“The beauty of democracy?” with a shrug emoji was the reaction tweeted by Bashir Ahmad, a personal assistant to the president of Nigeria, which has seen several coups since independence — including one led decades ago by President Muhammadu Buhari, who most recently entered the office via a vote.

Chilean President Sebastián Piñera and Colombian President Iván Duque were among those in Latin America who denounced the protesters, but both also said they were confident that American democracy and the rule of law would prevail.

“In this sad episode in the U.S., supporters of fascism showed their real face: anti-democratic and aggressive,” tweeted Luis Roberto Barroso, Brazilian Supreme Court justice and the head of the country’s electoral court. He said he hoped “American society and institutions react with vigour to this threat to democracy.”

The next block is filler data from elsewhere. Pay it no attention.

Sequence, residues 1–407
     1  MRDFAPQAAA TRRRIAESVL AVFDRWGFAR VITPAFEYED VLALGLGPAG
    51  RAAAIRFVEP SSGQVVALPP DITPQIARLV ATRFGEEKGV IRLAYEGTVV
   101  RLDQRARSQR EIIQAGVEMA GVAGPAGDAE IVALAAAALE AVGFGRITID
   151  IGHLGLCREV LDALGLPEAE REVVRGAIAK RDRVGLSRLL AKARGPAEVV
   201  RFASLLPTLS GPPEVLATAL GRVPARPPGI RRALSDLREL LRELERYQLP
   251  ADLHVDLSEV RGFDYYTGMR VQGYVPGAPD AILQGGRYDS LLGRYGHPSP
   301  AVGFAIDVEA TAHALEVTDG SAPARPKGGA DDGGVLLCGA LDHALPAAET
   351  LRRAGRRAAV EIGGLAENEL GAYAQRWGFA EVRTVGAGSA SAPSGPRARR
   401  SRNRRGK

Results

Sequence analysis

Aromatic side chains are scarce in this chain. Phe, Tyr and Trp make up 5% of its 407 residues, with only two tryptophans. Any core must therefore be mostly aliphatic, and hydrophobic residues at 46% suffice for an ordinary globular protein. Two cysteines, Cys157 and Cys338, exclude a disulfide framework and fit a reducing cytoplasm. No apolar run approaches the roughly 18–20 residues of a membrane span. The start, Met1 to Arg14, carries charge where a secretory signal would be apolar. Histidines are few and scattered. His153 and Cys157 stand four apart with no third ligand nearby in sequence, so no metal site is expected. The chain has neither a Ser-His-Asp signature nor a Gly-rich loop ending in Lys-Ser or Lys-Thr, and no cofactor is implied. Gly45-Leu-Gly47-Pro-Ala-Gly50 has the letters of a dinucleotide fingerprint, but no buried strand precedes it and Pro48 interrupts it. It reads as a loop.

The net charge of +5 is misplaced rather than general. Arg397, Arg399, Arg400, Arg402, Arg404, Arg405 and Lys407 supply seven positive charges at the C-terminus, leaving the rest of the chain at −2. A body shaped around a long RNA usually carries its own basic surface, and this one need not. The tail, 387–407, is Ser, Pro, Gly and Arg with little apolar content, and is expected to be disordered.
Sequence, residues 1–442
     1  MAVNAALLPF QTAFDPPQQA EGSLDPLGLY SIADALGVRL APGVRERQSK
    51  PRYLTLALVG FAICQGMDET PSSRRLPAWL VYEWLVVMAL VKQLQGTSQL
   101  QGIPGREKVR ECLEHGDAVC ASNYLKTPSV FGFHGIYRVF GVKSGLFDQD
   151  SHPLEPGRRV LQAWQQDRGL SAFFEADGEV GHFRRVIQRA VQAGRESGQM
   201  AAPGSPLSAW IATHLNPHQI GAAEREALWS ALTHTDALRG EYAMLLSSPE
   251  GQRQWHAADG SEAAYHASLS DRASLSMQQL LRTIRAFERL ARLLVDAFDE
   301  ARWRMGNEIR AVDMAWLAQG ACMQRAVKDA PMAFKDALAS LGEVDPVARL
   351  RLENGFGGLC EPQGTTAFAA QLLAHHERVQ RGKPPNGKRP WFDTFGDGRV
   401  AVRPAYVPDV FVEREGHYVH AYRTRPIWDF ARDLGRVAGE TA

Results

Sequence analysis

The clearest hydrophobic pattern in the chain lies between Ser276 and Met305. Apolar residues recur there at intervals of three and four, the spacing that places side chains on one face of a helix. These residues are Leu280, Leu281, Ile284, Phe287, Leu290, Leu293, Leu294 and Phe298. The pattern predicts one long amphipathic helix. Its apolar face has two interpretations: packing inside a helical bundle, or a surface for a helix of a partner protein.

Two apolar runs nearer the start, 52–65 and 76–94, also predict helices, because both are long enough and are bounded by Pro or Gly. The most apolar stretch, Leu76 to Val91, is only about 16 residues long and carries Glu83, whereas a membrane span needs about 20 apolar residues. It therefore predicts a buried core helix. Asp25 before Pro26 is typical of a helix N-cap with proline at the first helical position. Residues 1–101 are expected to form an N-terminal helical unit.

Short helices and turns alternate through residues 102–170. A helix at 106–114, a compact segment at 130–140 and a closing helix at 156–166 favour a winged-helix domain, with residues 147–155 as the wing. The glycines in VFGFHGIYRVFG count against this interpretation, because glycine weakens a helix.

THE LATEST: Melania Trump chief of staff quits after riots

Venezuela, which is under U.S. sanctions, said the events in Washington show that the U.S. “is suffering what it has generated in other countries with its politics of aggression.”

Venezuelan President Nicolás Maduro has survived U.S.-backed opposition efforts to oust him despite accusations of human rights abuses, civil unrest and a humanitarian crisis that has forced millions to flee the oil-rich country.

In Puerto Rico, many people took to social media and joked that the U.S. territory no longer wanted statehood. Independence, they said, looked appealing for the first time in decades.

In fact, it was that pursuit of independence that marked one of the last times the U.S. Congress was stormed violently. Four members of Puerto Rico’s Nationalist Party opened fire on the House floor in March 1954, wounding five lawmakers.